Category: University of Westminster

CDSMS series reaches 100,000 views/downloads.

CDSMS series reaches 100,000 views/downloads.

The University of Westminster Press‘s flagship Critical Digital and Social Media Studies open access series just recently achieved a new land landmark: 100,000 views and downloads. These include both book chapters and full book downloads (impossible currently to wholly disaggregate) across its 11 titles published since October 2016.

We’d like to ascribe this to a particular date but the rise in figures is coming at us so thick and fast from different directions (many reporting only monthly, one six-monthly) the only certainty is that the actual number is higher, maybe even significantly so.

UWP would like to congratulate all its authors, editors, the editorial board its platform provider Ubiquity Press and especially series editor-in-chief Christian Fuchs of our own parent institution, the University of Westminster for a wonderful effort in helping us reach global audiences. We look forward to further landmarks in 2020 and onwards.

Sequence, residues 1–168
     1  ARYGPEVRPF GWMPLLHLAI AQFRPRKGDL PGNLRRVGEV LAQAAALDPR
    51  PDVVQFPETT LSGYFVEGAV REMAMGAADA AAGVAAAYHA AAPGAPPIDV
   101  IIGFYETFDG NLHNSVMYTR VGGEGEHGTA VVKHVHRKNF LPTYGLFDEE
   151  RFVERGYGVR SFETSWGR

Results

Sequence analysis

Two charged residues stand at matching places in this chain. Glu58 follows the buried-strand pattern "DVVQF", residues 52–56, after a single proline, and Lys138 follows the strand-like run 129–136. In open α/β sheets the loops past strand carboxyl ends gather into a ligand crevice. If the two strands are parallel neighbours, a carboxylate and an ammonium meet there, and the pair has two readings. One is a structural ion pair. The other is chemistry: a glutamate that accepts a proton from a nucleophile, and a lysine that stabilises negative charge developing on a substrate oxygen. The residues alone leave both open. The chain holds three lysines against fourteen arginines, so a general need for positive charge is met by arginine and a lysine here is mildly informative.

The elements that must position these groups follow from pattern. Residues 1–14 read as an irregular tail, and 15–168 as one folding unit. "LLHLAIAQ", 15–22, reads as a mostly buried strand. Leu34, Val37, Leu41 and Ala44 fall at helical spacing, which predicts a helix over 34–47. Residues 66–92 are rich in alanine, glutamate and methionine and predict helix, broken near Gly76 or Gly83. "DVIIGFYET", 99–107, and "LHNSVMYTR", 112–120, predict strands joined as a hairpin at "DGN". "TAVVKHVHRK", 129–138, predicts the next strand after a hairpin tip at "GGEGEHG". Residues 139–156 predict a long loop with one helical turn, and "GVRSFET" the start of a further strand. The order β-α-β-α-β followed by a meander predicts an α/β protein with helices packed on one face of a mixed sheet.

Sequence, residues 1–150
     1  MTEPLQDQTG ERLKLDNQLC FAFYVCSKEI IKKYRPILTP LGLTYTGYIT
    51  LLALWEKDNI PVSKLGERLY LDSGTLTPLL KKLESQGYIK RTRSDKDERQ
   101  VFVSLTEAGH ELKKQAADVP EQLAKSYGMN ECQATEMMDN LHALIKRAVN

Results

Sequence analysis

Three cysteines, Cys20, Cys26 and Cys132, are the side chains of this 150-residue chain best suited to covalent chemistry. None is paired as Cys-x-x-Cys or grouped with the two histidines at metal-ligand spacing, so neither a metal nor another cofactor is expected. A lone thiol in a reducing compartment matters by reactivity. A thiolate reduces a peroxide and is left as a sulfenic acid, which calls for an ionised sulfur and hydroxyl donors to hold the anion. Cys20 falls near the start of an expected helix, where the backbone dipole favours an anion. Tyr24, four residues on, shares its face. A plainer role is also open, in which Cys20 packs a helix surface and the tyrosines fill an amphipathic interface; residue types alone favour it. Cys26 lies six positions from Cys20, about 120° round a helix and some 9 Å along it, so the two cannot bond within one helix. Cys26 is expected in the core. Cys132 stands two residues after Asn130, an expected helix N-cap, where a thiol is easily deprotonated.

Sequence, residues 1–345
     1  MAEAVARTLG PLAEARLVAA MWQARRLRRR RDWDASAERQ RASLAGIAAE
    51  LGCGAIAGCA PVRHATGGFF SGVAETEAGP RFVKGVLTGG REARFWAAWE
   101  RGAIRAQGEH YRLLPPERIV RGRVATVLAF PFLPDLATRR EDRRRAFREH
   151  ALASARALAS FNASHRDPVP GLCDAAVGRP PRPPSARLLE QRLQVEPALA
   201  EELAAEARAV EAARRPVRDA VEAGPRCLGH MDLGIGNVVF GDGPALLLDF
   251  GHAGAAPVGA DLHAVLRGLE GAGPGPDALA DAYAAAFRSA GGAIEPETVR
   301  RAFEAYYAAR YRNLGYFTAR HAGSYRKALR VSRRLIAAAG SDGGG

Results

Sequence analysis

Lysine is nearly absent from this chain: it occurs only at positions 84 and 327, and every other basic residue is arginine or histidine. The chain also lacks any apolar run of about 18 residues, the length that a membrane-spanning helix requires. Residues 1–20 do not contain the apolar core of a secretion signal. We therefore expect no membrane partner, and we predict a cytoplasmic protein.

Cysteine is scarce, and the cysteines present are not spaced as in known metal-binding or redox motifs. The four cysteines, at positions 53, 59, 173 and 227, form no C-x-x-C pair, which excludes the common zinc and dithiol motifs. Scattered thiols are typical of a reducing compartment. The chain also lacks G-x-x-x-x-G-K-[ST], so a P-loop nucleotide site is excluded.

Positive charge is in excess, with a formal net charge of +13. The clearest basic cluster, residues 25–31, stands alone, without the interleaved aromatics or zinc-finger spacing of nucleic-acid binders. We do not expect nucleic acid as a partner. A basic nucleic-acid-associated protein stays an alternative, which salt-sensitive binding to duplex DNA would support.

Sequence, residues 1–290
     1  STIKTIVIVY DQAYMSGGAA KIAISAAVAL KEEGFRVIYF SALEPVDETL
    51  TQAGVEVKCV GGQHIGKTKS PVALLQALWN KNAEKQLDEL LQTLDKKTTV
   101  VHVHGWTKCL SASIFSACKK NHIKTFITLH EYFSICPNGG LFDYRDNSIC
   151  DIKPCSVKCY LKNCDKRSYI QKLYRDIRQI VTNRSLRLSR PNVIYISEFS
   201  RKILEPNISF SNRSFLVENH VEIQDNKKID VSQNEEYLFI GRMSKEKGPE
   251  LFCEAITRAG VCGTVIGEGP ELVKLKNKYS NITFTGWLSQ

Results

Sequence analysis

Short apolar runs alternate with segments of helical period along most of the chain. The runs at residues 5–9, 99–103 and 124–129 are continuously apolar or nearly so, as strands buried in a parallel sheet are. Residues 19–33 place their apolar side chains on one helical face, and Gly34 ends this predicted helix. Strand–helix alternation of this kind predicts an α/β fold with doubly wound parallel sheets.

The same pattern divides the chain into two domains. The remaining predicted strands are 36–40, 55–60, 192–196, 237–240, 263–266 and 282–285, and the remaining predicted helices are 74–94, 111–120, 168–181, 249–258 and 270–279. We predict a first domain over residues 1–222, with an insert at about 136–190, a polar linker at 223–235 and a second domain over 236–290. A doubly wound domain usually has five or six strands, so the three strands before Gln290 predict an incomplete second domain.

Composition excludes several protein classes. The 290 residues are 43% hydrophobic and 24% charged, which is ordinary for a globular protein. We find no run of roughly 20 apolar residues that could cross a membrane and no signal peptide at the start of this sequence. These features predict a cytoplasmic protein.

The rallying cry of ‘We should all be feminists’ (C. N. Adichie) is turning into ‘We should all be activists …’

The rallying cry of ‘We should all be feminists’ (C. N. Adichie) is turning into ‘We should all be activists …’

as new reports emerge concerning male bias in AI … etc’
(from WPCC editorial).

As a new WPCC issue on Media Activism is published editors, Anastasia Denisova and Michaela O’Brien highlight the key issues for the issue in their editorial ‘From High Visibility to High Vulnerability: Feminist, Postcolonial and Anti-Gentrification Activism at Risk‘. What follows is an extract.